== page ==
Ex Hex (Photo by Jonah Takagi)Ex Hex (Photo by Jonah Takagi)

“Before Ex Hex started, I had never really thought about making a song that was under two minutes long,” Mary Timony remembers.

Considering her sprawling history collaborating with musicians all over varying rock subgenres, that’s saying a lot. Since breaking out in bands like Helium, Autoclave, and Wild Flag (along with Sleater-Kinney alum Carrie Brownstein), the gutsy rock luminary has turned her focus to a grunge-lined power pop. That music necessitates a certain brevity.

“For the songs that I wrote, I was thinking about the music that I loved when I was 12 years old—Cheap Trick or Blondie or something—and I was trying to recreate a song that I might have liked when I was that age.”

Timony has a way of getting to the point. By now something of a veteran of indie rock endeavors, her work in Ex Hex is more focused than ever before. Feeling a bit sick of touring solo, she began playing jam sessions with drummer Laura Harris of Aquarium and bassist and pianist Betsy Wright of The Fire Tapes. Soon, Ex Hex was born. “We hung out and we hit it off,” Timony recalls. “When we played together it just felt right.”

And she’s right—it just works. The trio has just released their new album Rips via Merge Records, and all together, in nearly every facet, they’re completely in step with each other. “It’s much more of a gang than any band I’ve been in,” Timony says before pausing our conversation to shout a hello to Harris. “We talk the same, we dress the same, and we’re into the same music. It’s weird but we have similar personalities rather than balancing each other out with different styles of dealing with the world.”

Whatever the dynamic is, it’s working for them. They underwent a rough recording process, shuttling between Mitch Easter’s Fidelitorium studio in North Carolina and Timony’s basement in Washington D.C., where most of it was recorded, but they still had a great time.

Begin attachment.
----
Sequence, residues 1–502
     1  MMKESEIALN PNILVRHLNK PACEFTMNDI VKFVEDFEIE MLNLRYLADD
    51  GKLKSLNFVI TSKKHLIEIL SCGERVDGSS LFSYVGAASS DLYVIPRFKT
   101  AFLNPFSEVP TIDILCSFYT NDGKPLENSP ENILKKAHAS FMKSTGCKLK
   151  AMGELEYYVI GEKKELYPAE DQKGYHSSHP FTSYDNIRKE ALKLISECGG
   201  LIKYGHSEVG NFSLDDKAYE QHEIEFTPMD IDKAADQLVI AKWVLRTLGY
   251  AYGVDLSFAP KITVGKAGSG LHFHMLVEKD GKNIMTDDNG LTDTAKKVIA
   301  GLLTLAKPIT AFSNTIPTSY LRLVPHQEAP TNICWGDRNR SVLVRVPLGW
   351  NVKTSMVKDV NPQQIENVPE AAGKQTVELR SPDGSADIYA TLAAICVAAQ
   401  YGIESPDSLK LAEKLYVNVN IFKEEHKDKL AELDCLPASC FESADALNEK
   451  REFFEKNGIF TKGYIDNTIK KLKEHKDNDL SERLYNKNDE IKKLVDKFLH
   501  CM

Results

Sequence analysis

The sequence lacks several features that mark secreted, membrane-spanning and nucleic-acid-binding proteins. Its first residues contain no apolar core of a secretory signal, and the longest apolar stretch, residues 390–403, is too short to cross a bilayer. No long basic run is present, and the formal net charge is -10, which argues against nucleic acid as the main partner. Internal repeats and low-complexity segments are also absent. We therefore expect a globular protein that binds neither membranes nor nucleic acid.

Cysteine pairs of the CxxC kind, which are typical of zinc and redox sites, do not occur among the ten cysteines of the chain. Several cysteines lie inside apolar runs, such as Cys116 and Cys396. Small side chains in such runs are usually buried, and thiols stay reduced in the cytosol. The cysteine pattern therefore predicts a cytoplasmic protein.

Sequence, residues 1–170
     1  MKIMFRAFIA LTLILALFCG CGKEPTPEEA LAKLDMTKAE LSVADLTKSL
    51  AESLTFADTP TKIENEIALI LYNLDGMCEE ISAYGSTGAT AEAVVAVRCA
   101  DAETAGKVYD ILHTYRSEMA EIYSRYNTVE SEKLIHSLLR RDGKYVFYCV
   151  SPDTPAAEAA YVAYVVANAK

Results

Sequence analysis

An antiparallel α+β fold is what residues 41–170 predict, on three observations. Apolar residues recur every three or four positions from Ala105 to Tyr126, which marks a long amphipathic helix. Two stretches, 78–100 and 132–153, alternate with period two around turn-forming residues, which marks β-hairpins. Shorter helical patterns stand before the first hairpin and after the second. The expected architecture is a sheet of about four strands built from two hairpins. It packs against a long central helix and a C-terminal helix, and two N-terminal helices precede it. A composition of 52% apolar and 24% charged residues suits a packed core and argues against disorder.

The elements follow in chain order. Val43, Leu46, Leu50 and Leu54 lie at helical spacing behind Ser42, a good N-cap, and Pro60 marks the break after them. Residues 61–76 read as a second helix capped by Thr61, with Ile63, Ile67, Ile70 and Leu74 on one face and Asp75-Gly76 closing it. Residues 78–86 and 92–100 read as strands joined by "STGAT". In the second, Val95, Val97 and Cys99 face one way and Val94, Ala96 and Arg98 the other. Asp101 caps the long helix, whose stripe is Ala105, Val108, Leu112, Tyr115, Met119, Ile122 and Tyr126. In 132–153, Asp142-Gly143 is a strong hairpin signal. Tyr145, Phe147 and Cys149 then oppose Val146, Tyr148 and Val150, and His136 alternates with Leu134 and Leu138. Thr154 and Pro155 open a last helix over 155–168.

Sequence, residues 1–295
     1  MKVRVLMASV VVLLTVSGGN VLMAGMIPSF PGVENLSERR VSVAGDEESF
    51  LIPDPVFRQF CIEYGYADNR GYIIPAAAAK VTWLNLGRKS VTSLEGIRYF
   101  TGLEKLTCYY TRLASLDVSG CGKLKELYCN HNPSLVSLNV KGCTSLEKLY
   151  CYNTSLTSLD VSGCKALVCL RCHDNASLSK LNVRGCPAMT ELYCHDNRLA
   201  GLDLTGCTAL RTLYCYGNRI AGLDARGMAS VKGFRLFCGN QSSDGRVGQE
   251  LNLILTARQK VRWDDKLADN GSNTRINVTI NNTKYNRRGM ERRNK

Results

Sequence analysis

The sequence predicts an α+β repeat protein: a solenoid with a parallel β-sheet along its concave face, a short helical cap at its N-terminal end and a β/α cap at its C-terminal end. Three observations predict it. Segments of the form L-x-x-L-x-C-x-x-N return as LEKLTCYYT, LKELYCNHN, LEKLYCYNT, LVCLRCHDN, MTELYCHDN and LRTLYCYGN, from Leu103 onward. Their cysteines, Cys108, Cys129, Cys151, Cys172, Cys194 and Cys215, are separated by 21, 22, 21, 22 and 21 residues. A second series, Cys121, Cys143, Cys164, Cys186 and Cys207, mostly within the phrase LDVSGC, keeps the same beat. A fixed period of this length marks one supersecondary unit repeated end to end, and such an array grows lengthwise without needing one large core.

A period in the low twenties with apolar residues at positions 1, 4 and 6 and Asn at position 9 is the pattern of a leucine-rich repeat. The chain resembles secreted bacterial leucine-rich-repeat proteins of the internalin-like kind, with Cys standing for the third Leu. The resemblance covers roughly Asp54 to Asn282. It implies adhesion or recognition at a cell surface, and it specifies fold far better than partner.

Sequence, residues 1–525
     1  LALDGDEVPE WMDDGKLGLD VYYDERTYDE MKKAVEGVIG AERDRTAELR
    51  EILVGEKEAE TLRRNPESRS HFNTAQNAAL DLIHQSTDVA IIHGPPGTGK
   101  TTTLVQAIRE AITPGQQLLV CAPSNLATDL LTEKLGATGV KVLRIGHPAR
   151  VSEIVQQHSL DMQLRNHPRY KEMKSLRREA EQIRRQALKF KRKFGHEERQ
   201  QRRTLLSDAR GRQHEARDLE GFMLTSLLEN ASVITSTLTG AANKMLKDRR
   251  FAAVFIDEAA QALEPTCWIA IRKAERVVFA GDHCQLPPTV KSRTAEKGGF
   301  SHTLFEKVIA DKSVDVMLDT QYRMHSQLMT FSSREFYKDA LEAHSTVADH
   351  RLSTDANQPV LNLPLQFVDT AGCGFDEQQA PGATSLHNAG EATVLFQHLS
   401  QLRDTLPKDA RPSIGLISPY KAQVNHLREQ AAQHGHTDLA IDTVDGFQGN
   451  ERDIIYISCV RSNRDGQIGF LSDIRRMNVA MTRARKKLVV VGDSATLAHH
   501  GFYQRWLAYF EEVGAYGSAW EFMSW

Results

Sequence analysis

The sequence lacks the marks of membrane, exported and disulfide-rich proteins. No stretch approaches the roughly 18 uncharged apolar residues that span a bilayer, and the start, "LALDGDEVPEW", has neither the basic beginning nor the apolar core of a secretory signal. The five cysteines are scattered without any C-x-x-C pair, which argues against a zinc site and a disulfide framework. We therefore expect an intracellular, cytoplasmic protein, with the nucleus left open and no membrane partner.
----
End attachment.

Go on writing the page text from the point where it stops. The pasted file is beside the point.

“We spent most of the time in my basement recording over and over and over, re-recorded and demoed four times at least,” she says. “We really mapped it out.”

It was a brand new process for Timony, who has self-admittedly to this point had more of an experimental approach to recording. “I’ve done that most of my musical life but this record was different. I thought, I just want to be more focused about it now.”

These days the collaborative effort made for a more thoughtful process. The band as a whole made the decisions on what to cut and keep, and in the end, blazed out of the studio with a punk frisson of a record, clocking in at a tight 40 minutes.

“This band is great because everybody brings in song ideas and is very involved in arranging the sounds and making decisions about what works and doesn’t work. It’s a group effort.”

Bobby Harlow (of Burger Records) might have had something to do with that too. The producer who mixed Rips had a big influence on the way the album sounds now. “He edited so much stuff out and so many microphones we didn’t need,” Timony says.

As a result, the album came out incisively cut. The clean set of twelve tracks are something of a wrecking ball, tearing through those 80s power pop standard formats, taking cues from both riot grrrl roots as well as today’s blistering melodic punk.

“In a way it was really hard, but also easy because we knew what we wanted the record to sound like.” Even though it pulls from influences all over the last couple decades, it manages to not be derivative.

Above all, Rips is a fun record.

“We wanted to make a record that was fun to listen to. It sounds like what everyone thinks when they’re recording,” she says. “But I don’t think so.”

In any case, we’re lucky enough to hear the new album first hand when they come to Rickshaw Stop this Tuesday, October 14. The band is playing with fellow East coasters, Boston’s Speedy Ortiz and our own Wild Moth, but Ex Hex is one apart. They have their own distinct brand of gritty pop, and the new album is proof—they know how to create a great album and enjoy it. The fun parts follow.

“When you’re making any kind of art there are different ways to do it,” Timony said. “You can really focus on the process of making it more than what it’s going to look like when it’s done.”

And now that it’s done we can say this much for sure: Rips rips.

Speedy Ortiz, Ex Hex, Wild Moth
Rickshaw Stop
October 14, 2014
8 pm, $12

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